thirdeye
07-14-2010, 08:30 PM
My theory is that brisket used to a difficult piece of meat to cook because the techniques were passed down from generation to generation within the family, all in a small region of the country. If anybody wanted to learn how to cook it they had to go to grandpas house and hope that he would share his secrets. Now with the internet all of those little secrets are exposed for the world to see. Now that mysterious piece of meat isn't so scary once we've seen others cook it with success in all varying degrees of styles.

That's who taught me how to cook brisket..... My grandpa that is. And I'm still learning from the Internet. Good barbecue is a journey, not a destination.

Kevin
07-14-2010, 08:59 PM
That's who taught me how to cook brisket..... My grandpa that is. And I'm still learning from the Internet. Good barbecue is a journey, not a destination.

Thank you. I'm still following that journey.

This is an old pic, but it makes me hungry anyway.

http://i405.photobucket.com/albums/pp138/GrandpaK_photos/Slicedbrisket1.jpg

Boshizzle
07-14-2010, 09:07 PM
Brisket is the "holy grail" because it's hard to cook a great one every time. It's pretty easy to screw up brisket; much easier than it is to screw up a pork shoulder, for example. Many can cook a good brisket but the good cooks can cook a great one most of the time.

Speaking of competition brisket, I have had boxes full of brisket slices as thin as the canvas from a Chuck Taylor Converse sneaker and just as tough. I have also had a few exceptional briskets. But most of them are average at best. So, even a lot of competition cooks struggle with it.

If you can routinely cook a great brisket you are doing well and you deserve bragging rights.

That's my story and I'm sticking to it.

Bbq Bubba
07-14-2010, 09:11 PM
why is the brisket looked upon as being difficult?,, there seems to be so many different ways to cook it with great results,,,

im no expert and being new to this forum I dont have nearly the experience as most,, but my first brisket was done on the fourth and I did have guests over...
the only practice I did was with the smoker itself.. learning the temps and how to regulate...

I just feel that the brisket is fairly simple and that it cooks itself... im having a more difficult time perfecting ribs and chicken

I cant wait to do brisket again.

I will admit though , I did research/read online aswell as ask lots of questions at my favorite bbq joint in the city of compton...

just curious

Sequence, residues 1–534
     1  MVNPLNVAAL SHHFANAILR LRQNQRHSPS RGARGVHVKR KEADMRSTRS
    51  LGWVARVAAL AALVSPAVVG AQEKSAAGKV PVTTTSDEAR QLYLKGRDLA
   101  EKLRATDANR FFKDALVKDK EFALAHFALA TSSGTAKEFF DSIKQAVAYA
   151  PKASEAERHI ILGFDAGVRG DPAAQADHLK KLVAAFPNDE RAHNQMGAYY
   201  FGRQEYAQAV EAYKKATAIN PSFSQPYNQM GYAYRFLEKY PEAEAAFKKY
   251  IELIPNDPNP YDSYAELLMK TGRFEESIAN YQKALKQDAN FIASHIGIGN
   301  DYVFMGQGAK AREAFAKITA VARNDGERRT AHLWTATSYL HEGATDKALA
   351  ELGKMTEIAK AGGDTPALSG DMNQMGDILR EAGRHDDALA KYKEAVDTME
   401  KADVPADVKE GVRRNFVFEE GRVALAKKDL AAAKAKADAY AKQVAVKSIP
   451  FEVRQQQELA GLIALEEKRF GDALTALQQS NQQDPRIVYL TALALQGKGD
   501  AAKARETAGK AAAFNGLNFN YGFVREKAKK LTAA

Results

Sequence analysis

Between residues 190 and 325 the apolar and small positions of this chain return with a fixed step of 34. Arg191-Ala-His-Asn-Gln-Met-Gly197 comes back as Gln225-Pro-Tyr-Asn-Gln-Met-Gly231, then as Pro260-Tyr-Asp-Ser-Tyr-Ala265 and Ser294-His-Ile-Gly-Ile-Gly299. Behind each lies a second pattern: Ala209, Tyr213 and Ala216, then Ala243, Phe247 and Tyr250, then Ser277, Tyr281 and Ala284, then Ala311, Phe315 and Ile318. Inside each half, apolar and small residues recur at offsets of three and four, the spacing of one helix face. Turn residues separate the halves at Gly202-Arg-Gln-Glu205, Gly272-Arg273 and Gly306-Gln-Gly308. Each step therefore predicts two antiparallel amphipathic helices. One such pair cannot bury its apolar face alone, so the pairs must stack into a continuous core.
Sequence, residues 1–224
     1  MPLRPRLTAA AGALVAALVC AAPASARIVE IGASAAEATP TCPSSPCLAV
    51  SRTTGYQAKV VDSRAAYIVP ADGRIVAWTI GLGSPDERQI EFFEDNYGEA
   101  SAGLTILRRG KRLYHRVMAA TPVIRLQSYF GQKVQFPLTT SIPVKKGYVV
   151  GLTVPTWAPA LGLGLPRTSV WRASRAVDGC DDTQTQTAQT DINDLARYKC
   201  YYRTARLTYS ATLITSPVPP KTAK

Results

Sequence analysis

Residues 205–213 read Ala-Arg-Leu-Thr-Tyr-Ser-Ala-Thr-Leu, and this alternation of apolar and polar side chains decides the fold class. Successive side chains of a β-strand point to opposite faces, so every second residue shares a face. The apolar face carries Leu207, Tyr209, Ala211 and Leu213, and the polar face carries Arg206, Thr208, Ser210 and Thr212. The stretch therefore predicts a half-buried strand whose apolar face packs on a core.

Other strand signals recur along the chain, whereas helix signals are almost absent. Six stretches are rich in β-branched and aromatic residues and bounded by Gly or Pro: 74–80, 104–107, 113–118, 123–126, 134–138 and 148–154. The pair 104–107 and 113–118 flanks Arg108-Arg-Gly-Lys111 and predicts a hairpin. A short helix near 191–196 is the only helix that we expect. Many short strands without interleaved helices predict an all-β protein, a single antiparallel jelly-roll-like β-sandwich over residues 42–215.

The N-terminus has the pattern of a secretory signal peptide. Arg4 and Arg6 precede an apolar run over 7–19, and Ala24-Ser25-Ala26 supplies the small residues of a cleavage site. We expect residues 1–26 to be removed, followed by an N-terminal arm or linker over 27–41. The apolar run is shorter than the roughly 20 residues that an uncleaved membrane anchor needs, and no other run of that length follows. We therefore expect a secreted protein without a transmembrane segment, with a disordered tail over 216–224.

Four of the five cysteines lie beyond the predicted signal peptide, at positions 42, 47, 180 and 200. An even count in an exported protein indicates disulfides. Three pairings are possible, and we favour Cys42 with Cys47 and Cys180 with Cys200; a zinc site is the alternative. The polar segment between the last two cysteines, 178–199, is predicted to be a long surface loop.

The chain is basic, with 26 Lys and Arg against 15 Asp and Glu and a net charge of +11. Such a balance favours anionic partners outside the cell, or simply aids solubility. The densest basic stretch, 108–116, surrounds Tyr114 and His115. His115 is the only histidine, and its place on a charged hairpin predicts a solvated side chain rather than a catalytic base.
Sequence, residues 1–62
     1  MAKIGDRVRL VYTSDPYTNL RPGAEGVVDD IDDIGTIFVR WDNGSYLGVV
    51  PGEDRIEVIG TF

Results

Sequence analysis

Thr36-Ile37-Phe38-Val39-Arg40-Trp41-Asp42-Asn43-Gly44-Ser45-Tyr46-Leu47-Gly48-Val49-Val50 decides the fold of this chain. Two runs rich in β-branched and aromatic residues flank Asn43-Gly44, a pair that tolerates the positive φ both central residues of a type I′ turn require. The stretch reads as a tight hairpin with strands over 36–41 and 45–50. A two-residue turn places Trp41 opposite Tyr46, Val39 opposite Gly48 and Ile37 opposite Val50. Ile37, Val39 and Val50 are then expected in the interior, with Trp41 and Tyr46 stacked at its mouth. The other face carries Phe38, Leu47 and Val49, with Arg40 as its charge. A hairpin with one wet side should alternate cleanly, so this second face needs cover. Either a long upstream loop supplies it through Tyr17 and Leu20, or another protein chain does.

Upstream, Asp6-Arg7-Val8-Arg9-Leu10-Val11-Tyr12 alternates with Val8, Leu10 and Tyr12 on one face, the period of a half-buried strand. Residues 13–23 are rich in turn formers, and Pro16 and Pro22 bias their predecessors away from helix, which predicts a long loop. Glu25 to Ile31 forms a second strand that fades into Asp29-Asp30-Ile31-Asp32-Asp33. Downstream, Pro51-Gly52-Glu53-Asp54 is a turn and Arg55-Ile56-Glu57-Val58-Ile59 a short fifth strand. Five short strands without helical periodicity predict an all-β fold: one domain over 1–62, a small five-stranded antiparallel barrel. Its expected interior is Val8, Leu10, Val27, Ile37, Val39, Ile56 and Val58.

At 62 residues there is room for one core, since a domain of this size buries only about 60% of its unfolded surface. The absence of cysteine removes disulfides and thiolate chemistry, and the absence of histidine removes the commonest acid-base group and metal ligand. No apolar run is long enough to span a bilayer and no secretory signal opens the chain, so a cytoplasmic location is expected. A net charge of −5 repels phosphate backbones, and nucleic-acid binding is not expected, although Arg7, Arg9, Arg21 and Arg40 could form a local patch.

If its your first brisket, how do you know if it was good?

deepsouth
07-14-2010, 09:12 PM
and sometimes it's better to be lucky than good.

jaejw1
07-14-2010, 09:17 PM
sweet.... I wish I had the time to do it often ,,,, after the time and energy spent with the first one it looks like it will have to reserve brosket for holidays or special occasions....

im super excited about my first but now that I think about it, im more concerned about my second with my first being a reference point....

landarc
07-14-2010, 10:12 PM
I think if you are doing one brisket, for service whenever you want to serve it, just how you want it, it is not that difficult to turn out acceptable product. However, it is a bit more difficult to cook a large amount that will hold. Most of what makes brisket a legend is that most folks do not and will probably never cook one for themselves, their only experience being the stuff bought from BBQ restaurants. Further, it is highly variable, like all of the meats we cook.

I would suggest that while most of use think we cook all out meats pretty darned good, none of them is really easy. If it was, then people would not crock pot/boil/oven bake their BBQ. I find that making really great ribs to have it's own difficulties, as does ribs, brisket and pork butt. To do them really well is never easy.

gtsum
07-14-2010, 10:25 PM
as has been expounded on by many above, it is several things...that some briskets are done at 190 internal and others are done at 202 for instance.....most people can and do produce a good brisket every now and then, but I have come to find out, like already pointed out above, that making very good brisket all of the time is what is tough (because every piece of meat is so different). They are not as forgiving as a pork butt either - hell, most people can produce acceptable pork 9/10 times....same with ribs...nailing 9 out of 10 briskets is the challenge imo...I am still trying to replicate "my" perfect brisket I cooked a couple months ago...I have not even come close for some reason (modified low heat, then high heat cook).

Ye Olde Party Palace
07-14-2010, 11:11 PM
If it was easy then my ex-wife could've cooked it. No, really, I think that we all feel that our first brisket was pretty darn good. That is, until we taste some really gooood brisket at a competition. Then, we have to go home and try to figure out how to make ours better, and better, and......:doh:

jaejw1
07-14-2010, 11:35 PM
oh dang,,,, now that I think about it.. my temps were not a consistent 225 nor 250,,, more like up and down between 215-275,,,, due to periodic checking and sleeping... since it was done overnight....

the person that tasted my brisket did say that it was close to competition and with a lil work it could be competition. but since I havent had competition brisket im not sure how close or far I was from that level,,, I can only go by what ppl said

now I have tasted other briskets ,,, BLUDSO'S,, the texas grill place in el toro,, and from newport rib company in ladera ranch,,,, I have to say Bludso's taste better than mine and all the others I have had... I would like to get to Bludso's level

barbefunkoramaque
07-15-2010, 08:07 AM
Son of a Bitch! He is spot on. This the product of my father teaching at Ball High and SFA for 40 years. Dude you are so "on" I cannot believe we do not bump into each other. Note were I am from.


Every Brisket is Different.

No Texas Myth.

No Ancient Whatever Secret.

Prep It. Season It. Smoke It Low & Slow OR HIgh Heat.

Remove Brisket When Done. :thumb:

Great Eats To ALL.

John

barbefunkoramaque
07-15-2010, 08:12 AM
Look at the slices behind. He slices like a Texan... which is like I think maybe Jesus would slice a brisket if he we with me. You know... properly. Thick!

Thank you. I'm still following that journey.

This is an old pic, but it makes me hungry anyway.

http://i405.photobucket.com/albums/pp138/GrandpaK_photos/Slicedbrisket1.jpg

SmokinOkie
07-15-2010, 10:45 AM